Clinical Oncology

[Obesity and cancer]

VALTINYI Dorottya

[The role of obesity in the development of cancer is well-known from ages. However, these days we witness the explosion-like increase of obesity, globally, but mainly in the economically advanced population, and, which is even more alarming, among youngsters. The prognosis of the obesity-related cancer is rather poor, therefore, the prevention, including the screening, have outstanding importance. Unfortunately, the participation of the obes persons, especially obes women, in these programs is very low. The diagnostics and therapies should consider the special features of obesity, which are related to the magnitude, distribution, composition of fatty tissue connected to the changes in pharmacokinetics. Moreover, the problems might be complicated with obesity-associated non-tumorous severe diseases (e.g. cardiovascular, diabetes type 2).This review covers different aspects of obesity-cancer relationships, with an emphasis on everyday oncology.]

LAM Extra for General Practicioners

[Changes in infectology over the past two decades]

SZALKA András

[Infectious diseases and various infections are the major causes of morbidity and mortality in developing as well as in industrialised countries. Despite the advances in the past decades in our understanding of microbes, efficient treatment of diseases and preventive approaches, more than 13 million people die every year due to infectious diseases. In the past two decades, more and more new pathogens and infections diseases have been emerging and old diseases that were almost forgotten have re-emerged. There are many new diseases for which we do not have or have hardly any efficient antimicrobial drugs and no efficient vaccines. Despite an increasing frequency of multi- and panresistant microbes, the development of new antibiotics to be used against these infections is unlikely to occur in the near future. The big pharmaceutical companies have stopped the research of antibiotics. In this situation, the only option we have is to use antibiotics rationally and to take prevention and control of infections seriously, both in the outpatient system and in hospitals. Preserving the effectiveness of currently used antibiotics is in everyone’s interest and is everyone’s responsibility]

Clinical Oncology

[Pregnancy and cancer]

NAGY Zsuzsanna, SZILLER István, VALTINYI Dorottya, HORVÁTH Orsolya

[The joint appearance of pregnancy and cancer is rare. It is highly recommended that the tumorous pregnant should be managed by a multidisciplinary team. The early diagnosis is very important, but it is not easy, because the symptoms of pregnancy and cancer are rather similar. Imaging diagnosis has to avoid ionizing radiation (e.g. PET/CT). The same is true for chemotherapy in the fi rst trimester, due to the increased risk of developmental abnormalities. Consequently, radiation therapy is not allowded throughout the pregnancy, and the chemotherapy in the fi rst trimester is a strong indication for the interruption of pregnancy. Surgery, with good practice, usually can be performed without complications. Chemotherapy, given in the second and third trimester generally follows the standard protocols with a low frequency of developmental errors. Early delivery should not be encouraged, except the delay has a hazardous effect on the mother and/or on the child. The pregnant should be informed about all steps to be an active part of the fi nal decision.]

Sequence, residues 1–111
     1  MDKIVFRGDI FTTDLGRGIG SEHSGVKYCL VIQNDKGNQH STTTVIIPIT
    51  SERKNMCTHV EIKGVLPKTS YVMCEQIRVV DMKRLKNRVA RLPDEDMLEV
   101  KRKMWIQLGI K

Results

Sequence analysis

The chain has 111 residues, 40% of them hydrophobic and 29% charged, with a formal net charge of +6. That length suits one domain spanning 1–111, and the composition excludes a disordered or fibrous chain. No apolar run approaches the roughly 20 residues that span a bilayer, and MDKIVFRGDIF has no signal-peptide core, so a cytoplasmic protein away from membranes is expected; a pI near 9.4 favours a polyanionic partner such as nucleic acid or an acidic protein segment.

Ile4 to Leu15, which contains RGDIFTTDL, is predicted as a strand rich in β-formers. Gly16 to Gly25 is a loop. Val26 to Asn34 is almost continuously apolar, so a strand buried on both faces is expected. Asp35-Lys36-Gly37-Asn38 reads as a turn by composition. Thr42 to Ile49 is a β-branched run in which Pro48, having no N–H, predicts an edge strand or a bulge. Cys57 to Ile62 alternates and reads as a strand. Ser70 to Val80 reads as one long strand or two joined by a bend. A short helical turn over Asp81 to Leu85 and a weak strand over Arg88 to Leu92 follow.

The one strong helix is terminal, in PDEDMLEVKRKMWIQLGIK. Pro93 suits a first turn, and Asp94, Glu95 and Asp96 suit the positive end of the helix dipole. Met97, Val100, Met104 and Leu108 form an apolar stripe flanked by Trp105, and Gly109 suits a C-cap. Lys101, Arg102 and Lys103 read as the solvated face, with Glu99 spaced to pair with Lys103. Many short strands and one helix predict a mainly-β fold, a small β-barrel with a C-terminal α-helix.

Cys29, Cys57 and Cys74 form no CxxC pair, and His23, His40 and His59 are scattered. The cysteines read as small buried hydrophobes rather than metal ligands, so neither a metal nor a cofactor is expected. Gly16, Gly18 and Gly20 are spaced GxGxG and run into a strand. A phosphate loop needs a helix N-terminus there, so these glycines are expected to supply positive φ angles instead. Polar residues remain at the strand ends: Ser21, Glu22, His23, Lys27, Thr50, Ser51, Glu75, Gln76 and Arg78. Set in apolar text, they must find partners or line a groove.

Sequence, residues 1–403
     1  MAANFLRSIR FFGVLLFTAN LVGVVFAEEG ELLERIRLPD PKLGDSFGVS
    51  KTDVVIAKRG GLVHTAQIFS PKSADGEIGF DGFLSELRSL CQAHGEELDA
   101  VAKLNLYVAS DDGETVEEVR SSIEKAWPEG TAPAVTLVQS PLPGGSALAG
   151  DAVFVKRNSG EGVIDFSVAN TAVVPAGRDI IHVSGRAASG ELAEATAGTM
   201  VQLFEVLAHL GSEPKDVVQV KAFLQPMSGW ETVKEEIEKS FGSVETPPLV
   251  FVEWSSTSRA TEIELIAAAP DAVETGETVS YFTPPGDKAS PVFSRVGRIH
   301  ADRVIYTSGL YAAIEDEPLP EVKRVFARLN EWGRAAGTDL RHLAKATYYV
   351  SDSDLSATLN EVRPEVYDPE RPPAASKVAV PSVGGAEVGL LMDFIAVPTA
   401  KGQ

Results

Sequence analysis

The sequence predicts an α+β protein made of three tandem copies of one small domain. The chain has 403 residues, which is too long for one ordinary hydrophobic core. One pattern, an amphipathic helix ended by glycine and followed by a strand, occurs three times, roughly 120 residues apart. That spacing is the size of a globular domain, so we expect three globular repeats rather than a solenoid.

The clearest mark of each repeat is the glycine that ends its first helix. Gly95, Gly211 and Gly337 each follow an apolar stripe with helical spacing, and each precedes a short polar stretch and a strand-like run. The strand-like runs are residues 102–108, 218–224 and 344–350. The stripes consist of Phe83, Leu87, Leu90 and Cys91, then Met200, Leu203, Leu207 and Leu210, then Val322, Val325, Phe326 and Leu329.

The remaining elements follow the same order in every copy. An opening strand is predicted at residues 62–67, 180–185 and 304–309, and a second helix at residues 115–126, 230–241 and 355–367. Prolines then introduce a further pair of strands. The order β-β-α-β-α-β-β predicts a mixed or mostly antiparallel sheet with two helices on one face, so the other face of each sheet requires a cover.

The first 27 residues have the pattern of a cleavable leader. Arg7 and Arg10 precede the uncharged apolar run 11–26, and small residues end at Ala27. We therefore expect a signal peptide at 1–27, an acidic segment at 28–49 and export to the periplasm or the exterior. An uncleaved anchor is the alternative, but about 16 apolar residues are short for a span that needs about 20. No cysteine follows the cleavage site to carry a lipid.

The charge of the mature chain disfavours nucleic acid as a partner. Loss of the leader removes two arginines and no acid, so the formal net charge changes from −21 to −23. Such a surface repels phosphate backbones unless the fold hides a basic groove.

LAM Extra for General Practicioners

[VITAMIN D TREATMENT: HORMONE THERAPY FOR PATIENTS WHO NEED IT OR SIMPLY A SUPPLEMENTATION FOR EVERYONE?]

SPEER Gábor

[Various medical associations issue different recommendations for the prevention and treatment of vitamin D deficiency. These significant differences are partly explained by the different definition of normal vitamin D level and the use of completely different mathematical models to predict the increase in vitamin D level as a response to therapy. According to the Institute of Medicine (IOM), the target vitamin D level is 20 ng/ml, whereas the Endocrine Society (ES) recommends 30 ng/m as the miminum target value. According to the ES, a 1 ng/ml increase of vitamin D level can be reached by a daily intake of 100 NE, while the IOM recommends 3.6 ng/ml. Moreover, the IOM states that the effect of therapy on serum level is nonlinear. These differences show that the ES and IOM have different views on the risk of adverse effects. The IOM recommends 400 IU vitamin D daily for children younger than 1 year, 800 IU for those above 70 years and 600 IU/per day for everyone else. The ES recommend 400-1000 IU daily for all infants and 1500- 2000 IU for adults. Screening, however, is not recommended by either society. To decrease uncertainty concerning the side effects of higher-dose vitamin D treatment, it is important to understand, use and support the function of the pharmacovigilance system of the pharmaceutical industry that manufactures and markets various (prescription, over-the-counter) preparations. This is what the author aims to highlight in the second part of this article. Using this system, both the doctor and the patient can help support and accept the justification of higher-dose vitamin D therapy.]